As for following local planning and building guidelines, I have my doubts that would be the case. Take the Adelaide airport now under private admin. Last year they opened a new Harbourtown shopping complex on the western perimeter. There was a major gripe about inadequate parking and egress (driven by nearby Glenelg traders) and the mayor of West Torrens Council stated they had no control over planning on Fed land. The operators merely consulted them out of courtesy. Apparently an old folks home is to be built on the airport too now. I guess the noise insulation fare levy for the benefit of householders on the flight path won’t be drawn upon for obvious reasons.

Can I suggest another legal post for you Ken? Perhaps a synopsis of citizen’s rights to sue their govt for damages. ie Do Alavarez and Rau have this right against DIMIA, or are they restricted to ministerisl ex-gratia payments? I understood victims of the Voyager disaster and Maralinga tests could not sue. Are our 3 tiers of govt and their quangos(really taxpayers) fair game or not?

jen
jen
2022 years ago

observa

Are our 3 tiers of govt and their quangos(really taxpayers) fair game or not?

such a cheerful fellow.

I can answer this one.
Yes.
Governments can be sued.
And the damage payments are taken out of the responsible minister’s wages and super. And out of the taxes of the folks who voted them in.

Ken Parish
Ken Parish
2022 years ago

I knew there was a reason why you weren’t a lawyer, jen. Taking a flippant answer seriously just for a moment, that sort of system might well make politicians much more careful about their actions. The trouble is, it would probably also mean that no-one would ever stand for election and no-one would vote (at least no-one with any property or assets to lose). But then, the latter dilemma (not voting) isn’t likely to worry you, is it?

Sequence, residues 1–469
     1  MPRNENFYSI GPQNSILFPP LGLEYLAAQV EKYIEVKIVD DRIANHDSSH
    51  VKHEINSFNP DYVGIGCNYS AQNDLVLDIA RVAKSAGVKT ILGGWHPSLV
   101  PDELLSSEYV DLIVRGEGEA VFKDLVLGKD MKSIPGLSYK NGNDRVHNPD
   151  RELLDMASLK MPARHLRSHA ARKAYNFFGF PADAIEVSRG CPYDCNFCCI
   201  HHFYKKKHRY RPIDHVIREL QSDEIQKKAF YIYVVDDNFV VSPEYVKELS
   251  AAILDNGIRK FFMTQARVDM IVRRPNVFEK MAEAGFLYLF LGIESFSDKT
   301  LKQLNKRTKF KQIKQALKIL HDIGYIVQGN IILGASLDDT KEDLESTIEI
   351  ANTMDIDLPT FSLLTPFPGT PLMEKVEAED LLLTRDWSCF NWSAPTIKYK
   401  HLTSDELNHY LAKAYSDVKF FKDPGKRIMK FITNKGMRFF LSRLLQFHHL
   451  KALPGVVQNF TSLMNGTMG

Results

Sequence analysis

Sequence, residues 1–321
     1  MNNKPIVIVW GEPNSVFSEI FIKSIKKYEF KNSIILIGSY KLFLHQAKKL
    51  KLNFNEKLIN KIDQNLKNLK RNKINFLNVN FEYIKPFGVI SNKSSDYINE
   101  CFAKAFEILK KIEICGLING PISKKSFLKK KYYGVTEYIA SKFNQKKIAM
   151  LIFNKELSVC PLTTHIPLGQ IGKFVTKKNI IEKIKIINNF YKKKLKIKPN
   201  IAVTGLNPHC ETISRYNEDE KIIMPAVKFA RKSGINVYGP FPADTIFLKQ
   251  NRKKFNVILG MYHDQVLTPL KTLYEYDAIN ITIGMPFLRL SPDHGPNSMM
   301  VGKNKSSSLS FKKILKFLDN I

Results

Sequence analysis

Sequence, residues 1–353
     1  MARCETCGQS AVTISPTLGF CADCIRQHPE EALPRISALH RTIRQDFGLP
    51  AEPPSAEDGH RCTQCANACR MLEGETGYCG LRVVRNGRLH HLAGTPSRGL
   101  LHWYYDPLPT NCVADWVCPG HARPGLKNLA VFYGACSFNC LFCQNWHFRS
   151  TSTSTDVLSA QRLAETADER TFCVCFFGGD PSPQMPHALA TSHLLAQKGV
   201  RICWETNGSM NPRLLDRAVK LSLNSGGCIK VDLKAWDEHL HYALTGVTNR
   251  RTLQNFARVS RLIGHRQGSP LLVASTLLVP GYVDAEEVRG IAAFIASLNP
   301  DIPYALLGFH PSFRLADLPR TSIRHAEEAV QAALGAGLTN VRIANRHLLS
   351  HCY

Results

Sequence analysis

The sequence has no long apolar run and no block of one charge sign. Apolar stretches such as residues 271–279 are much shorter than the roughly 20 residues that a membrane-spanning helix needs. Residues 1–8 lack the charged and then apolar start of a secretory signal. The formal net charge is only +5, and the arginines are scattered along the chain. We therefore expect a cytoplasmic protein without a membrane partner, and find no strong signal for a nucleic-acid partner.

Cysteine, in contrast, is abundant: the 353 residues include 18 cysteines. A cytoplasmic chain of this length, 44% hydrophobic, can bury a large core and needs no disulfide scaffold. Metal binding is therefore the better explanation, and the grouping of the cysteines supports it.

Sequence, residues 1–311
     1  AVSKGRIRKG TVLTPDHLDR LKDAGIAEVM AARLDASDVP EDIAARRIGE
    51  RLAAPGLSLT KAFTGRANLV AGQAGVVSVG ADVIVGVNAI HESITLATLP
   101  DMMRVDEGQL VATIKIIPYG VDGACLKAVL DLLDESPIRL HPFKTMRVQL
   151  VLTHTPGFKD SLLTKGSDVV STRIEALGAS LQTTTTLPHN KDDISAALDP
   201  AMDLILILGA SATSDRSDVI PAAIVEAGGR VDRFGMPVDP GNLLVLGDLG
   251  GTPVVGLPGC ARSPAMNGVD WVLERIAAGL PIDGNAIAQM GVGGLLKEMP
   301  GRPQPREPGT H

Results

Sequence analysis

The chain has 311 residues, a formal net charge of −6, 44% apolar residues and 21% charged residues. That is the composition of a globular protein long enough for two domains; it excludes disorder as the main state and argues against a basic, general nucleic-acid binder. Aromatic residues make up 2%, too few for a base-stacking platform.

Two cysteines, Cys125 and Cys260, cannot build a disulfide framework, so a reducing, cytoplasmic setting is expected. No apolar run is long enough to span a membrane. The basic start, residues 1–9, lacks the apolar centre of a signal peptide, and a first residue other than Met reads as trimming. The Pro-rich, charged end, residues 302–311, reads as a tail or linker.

Ken Parish
Ken Parish
2022 years ago

observa

Strange as it may seem, the first part of jen’s answer was actually correct. Governments CAN be sued. Traditionally in British-based legal systems, the Crown was immune from suit (although that’s a gross generalisation that always needed qualification), but section 64 of the Judiciary Act 1903 (Cth) provides:

“In any suit to which the Commonwealth or a State is a party, the rights of parties shall as nearly as possible be the same, and judgment may be given and costs awarded on either side, as in a suit between subject and subject.”

There are similar provisions in all states and territories. In other words, crown immunity from suit has been substantially abolished, and governments can be sued in tort (e.g. for negligence) or contract just like a private citizen.

Since wrongful imprisonment is a tort, prima facie Ms Rau and Ms Solon have strong cases. The Voyager and Maralinga cases were problems in large part because the events occurred so long ago and the Statute of Limitations potentially barred civil suits by the time people realised that they had been harmed. Again that’s a gross over-simplification, and there’s a long and complicated story surrounding the Voyager litigation, with successive governments promising not to enforce limitation provisions, then reneging, then High Court challenges etc etc. The bottom line for present purposes, however, is that Cornelia Rau could certainly sue IMO and wouldn’t be statute (of limitations) barred.

observa
observa
2022 years ago

Thanks for that Ken (and Jen I think). With the Maralinga and Voyager cases I was thinking perhaps there was no right of tort for service personnel. Rather, they were covered by special Repat provisions for obvious reasons. I gather false imprisonment tort rights does not include initial guilt by jury and subsequent acquittal on appeal or pardon?(eg Lindy Chamberlain)

I guess in Alavarez and Rau’s cases any lump sum payout would be clawed back under Centrelink assets testing for benefits, so given their medical conditions, the method of compensation may be academic. Might be interesting to see if a lump sum for Alvarez induces her to stay put in the Phillipines as she has joint citizenship and has stated she’s reasonably comfortable there. That might be a minor political coup for the Govt, given the criticism over DIMIA’s actions. Wouldn’t mind betting they’ve thought about it and canvassed the option.